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gunsmithing kit

Discussion in 'Gunsmithing and Repairs' started by gibson_es, Mar 11, 2013.

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  1. gibson_es

    gibson_es Member

    Jul 13, 2011
    tampa bay
    I need a decent kit. I like the set up of the weaver deluxe kit. However i have read mixed reviews. On them. Mainly issues with the hammer and punches.

    If i must i can buy everything separately. But would prefer a kit.

    I like to disassemble my guns as much as possible over and over again. It helps me understand the gun better, and its actually relaxing as well. Some people dont recommend it. But its what i do.

    Im not using these every day or anything. But i dont want crap.
  2. LordDunsany

    LordDunsany Member

    Mar 8, 2008
    D/FW Metro Area, TX
    I suggest taking a look at http://brownells.com

    In addition to stocking parts for many common firearms they also sell specialized tool for specific guns, as well as generalized tool kits.

    Some years ago I purchased their 870 Armorers Toolkit and their AR Armorers Toolkit. Both kits contained everything I needed for major repairs and rebuilds.

    As a start, get a set of gunsmith screwdrivers and pin punches. These, along with an assortment of needle nose pliers and some india stones will give you a great head start. There are also some excellent gunsmithing books there.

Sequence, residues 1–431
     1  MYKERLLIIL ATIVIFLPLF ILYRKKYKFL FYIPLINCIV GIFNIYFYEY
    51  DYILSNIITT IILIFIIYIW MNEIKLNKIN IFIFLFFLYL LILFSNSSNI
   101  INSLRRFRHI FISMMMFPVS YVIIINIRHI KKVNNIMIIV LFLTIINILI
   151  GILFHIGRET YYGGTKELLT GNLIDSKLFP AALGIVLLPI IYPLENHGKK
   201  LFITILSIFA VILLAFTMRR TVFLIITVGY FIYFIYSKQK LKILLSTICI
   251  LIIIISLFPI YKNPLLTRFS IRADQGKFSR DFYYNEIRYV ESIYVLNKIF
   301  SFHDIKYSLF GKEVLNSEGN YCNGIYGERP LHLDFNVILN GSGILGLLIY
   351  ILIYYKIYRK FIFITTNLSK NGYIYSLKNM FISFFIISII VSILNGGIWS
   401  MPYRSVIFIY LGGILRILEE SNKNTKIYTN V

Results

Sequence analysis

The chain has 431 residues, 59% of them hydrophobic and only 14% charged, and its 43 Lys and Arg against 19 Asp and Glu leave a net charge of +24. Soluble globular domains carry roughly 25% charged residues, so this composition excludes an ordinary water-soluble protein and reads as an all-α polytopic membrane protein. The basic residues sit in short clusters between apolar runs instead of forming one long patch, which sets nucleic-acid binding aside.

Ron in Texas
  3. Loc n Load

    Loc n Load Member

    Jan 2, 2013
    Tools of the trade

    I agree with post #2.....I have been a police armorer for 30 years and have been through a dozen or more factory conducted armorer's schools for various rifles, pistols, revolvers, sub machine guns, shotguns. I have maintained and repaired thousands of duty carry and training firearms. I have bought most of my tools from Brownell's.....a good complete set of screwdriver/bits, punches, good quality pliers, needle nose, etc., India stones will indeed get you started. If you get into AR's, then there are certain tools that you will want to have there. This applies to most platforms such as the Rem. 870's, Mossberg's, what have you. There is also a lot of information out there now on You tube and DVD's that I wish had been around when I started my "journey" some 30 years ago. Good luck and good shooting.
  4. paintballdude902

    paintballdude902 Member

    Jun 30, 2007
    a good smith set is like a good household tool kit. its something you build up over many years.

    the basics would be a good set of punches, screw drivers, roll pin punches(if you have anything that uses roll pins) a brass hammer, padded jaws for a vice and a good allen key set that will do allot of the basics.

    you may or may not need files and stones (trigger jobs/parts fitting), rasp and chisels for stock making/fitting, checkering files the list goes on and on
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